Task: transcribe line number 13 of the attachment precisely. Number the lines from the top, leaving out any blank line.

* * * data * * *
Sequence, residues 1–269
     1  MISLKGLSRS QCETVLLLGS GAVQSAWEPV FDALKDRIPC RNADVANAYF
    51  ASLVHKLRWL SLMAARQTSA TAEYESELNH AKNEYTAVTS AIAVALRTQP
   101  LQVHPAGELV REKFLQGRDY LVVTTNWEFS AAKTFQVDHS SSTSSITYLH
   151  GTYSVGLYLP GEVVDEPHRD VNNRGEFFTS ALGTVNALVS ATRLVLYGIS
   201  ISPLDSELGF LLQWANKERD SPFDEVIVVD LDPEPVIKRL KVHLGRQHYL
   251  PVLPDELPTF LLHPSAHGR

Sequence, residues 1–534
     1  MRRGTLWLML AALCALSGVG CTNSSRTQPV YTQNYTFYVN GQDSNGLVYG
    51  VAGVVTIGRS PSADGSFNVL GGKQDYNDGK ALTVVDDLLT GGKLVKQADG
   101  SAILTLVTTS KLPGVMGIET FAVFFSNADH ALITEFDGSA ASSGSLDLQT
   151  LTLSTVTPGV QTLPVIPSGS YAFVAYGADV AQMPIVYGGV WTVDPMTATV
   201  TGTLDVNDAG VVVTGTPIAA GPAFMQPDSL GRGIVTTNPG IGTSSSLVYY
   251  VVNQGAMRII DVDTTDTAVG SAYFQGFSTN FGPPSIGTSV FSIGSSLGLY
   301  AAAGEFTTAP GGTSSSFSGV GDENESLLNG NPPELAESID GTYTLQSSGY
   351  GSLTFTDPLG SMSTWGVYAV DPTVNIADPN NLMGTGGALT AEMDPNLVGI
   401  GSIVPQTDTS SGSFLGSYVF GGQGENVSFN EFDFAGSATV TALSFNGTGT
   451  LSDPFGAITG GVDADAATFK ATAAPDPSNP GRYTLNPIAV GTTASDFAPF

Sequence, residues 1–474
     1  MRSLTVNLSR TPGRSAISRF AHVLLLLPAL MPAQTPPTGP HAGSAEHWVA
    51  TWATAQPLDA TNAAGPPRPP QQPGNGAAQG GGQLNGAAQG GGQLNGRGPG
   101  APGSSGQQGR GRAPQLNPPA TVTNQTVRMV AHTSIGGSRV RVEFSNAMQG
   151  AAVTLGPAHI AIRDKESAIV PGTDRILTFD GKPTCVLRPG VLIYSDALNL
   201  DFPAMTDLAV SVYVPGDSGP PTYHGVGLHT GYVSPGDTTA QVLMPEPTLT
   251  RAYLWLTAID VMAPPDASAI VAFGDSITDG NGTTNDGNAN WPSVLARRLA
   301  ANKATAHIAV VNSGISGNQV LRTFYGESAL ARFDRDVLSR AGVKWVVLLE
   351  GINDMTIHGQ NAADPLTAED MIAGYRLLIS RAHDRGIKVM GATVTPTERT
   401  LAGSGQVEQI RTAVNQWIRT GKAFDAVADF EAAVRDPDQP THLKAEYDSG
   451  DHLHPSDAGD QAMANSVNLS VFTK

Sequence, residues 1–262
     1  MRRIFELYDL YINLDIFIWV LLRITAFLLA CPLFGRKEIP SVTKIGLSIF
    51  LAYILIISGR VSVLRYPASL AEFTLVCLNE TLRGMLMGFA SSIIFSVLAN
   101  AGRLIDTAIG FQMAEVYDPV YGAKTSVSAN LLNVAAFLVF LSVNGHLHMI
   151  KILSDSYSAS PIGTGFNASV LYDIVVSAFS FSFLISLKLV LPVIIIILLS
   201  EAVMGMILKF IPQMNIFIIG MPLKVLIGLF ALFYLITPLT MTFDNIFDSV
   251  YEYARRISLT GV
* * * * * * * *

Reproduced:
   201  TGTLDVNDAG VVVTGTPIAA GPAFMQPDSL GRGIVTTNPG IGTSSSLVYY